RHA partners with the local Workforce Investment Board and provides its own Family Self-Sufficiency specialists to perform career assessments and trainings for residents. These professionals include STEM-related jobs in their career guidance where appropriate and direct residents to RHA’s web-based calendar for upcoming STEM-related career events. Local organization Freedom Field Renewable Energy provides hands-on training and technical skills development to public housing youth, preparing them to eventually fill these highly-paid skilled jobs. RHA also added information on STEM jobs to its website, which lists the top STEM careers.

  • Outreach

    Since joining SEED, RHA has reached out to residents in several ways, including:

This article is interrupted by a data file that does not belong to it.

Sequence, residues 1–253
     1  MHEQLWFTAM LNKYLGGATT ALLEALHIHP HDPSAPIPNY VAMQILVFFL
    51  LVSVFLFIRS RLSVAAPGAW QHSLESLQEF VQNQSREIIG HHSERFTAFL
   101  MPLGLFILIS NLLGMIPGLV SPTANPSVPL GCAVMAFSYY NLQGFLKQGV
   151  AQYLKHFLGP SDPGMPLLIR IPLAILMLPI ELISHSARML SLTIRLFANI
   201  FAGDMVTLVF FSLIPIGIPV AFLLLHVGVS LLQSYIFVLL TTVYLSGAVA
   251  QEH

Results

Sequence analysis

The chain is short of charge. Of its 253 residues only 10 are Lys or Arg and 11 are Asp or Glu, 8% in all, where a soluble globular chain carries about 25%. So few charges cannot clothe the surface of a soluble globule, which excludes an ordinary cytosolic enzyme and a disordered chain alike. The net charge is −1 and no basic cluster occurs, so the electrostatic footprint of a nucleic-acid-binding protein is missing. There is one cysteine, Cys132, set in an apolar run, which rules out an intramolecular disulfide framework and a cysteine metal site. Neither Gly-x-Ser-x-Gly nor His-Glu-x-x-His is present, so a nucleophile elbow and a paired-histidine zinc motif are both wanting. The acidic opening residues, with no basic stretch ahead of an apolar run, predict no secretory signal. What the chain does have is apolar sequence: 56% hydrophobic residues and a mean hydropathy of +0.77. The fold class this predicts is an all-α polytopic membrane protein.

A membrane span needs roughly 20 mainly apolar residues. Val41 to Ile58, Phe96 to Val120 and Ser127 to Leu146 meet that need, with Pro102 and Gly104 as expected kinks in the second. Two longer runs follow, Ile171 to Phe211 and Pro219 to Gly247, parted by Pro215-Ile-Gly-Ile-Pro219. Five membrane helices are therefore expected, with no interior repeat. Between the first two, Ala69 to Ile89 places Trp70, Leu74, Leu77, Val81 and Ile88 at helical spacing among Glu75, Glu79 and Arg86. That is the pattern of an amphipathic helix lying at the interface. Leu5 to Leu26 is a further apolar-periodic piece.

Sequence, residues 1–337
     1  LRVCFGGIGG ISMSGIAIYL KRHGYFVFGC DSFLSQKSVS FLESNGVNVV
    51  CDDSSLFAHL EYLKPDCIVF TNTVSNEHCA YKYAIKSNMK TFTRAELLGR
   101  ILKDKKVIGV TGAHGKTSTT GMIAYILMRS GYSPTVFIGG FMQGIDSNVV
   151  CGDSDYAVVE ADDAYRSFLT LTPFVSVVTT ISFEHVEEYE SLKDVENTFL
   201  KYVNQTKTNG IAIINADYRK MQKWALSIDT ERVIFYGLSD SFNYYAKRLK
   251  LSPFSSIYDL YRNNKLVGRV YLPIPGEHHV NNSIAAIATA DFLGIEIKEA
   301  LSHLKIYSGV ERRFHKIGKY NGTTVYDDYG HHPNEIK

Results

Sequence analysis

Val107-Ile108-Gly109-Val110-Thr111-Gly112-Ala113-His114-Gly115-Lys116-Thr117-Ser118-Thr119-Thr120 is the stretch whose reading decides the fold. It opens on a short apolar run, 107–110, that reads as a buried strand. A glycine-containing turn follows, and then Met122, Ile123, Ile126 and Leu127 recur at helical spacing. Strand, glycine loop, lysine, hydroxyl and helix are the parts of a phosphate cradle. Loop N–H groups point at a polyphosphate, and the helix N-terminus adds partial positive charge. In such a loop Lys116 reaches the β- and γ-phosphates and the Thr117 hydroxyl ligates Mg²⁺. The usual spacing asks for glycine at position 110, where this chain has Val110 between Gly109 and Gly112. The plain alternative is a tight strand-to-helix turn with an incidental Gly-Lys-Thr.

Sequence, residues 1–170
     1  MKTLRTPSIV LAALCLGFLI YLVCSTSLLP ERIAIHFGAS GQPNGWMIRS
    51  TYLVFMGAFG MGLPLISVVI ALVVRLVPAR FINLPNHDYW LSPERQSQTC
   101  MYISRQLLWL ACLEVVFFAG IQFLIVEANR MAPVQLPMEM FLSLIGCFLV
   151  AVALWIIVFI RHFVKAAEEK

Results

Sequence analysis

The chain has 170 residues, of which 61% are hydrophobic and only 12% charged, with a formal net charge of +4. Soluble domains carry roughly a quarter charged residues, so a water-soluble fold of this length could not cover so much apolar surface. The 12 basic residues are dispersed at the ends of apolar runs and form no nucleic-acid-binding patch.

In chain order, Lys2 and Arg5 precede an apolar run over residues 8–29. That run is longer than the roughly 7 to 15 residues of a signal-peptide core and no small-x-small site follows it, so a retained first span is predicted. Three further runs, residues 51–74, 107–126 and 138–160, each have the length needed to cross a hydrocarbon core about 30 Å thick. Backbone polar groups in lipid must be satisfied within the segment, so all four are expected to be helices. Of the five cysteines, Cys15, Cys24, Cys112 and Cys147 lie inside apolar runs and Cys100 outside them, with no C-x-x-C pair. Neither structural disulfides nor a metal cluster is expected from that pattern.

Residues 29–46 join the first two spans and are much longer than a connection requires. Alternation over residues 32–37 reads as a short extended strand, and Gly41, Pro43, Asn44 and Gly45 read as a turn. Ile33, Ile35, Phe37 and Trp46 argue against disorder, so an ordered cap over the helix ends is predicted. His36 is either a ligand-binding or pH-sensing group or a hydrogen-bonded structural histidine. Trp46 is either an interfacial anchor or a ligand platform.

• Offering classes on energy efficiency;
    • Revising its personal finance curriculum to include energy saving tips;
    • Adding an energy- or water-saving tip to the monthly resident newsletter; and
    • Expanding its website to include information on reducing water and energy consumption.

  • Partnerships

    The following organizations have contributed to RHA’s SEED efforts:

    • Angelic Organics Learning Center
    • Rockford Workforce Investment Board
    • Rockford University Science Club
    • Rockford Area Arts Council
    • Engineers Without Borders
    • Freedom Field Renewable Energy

  • Outcomes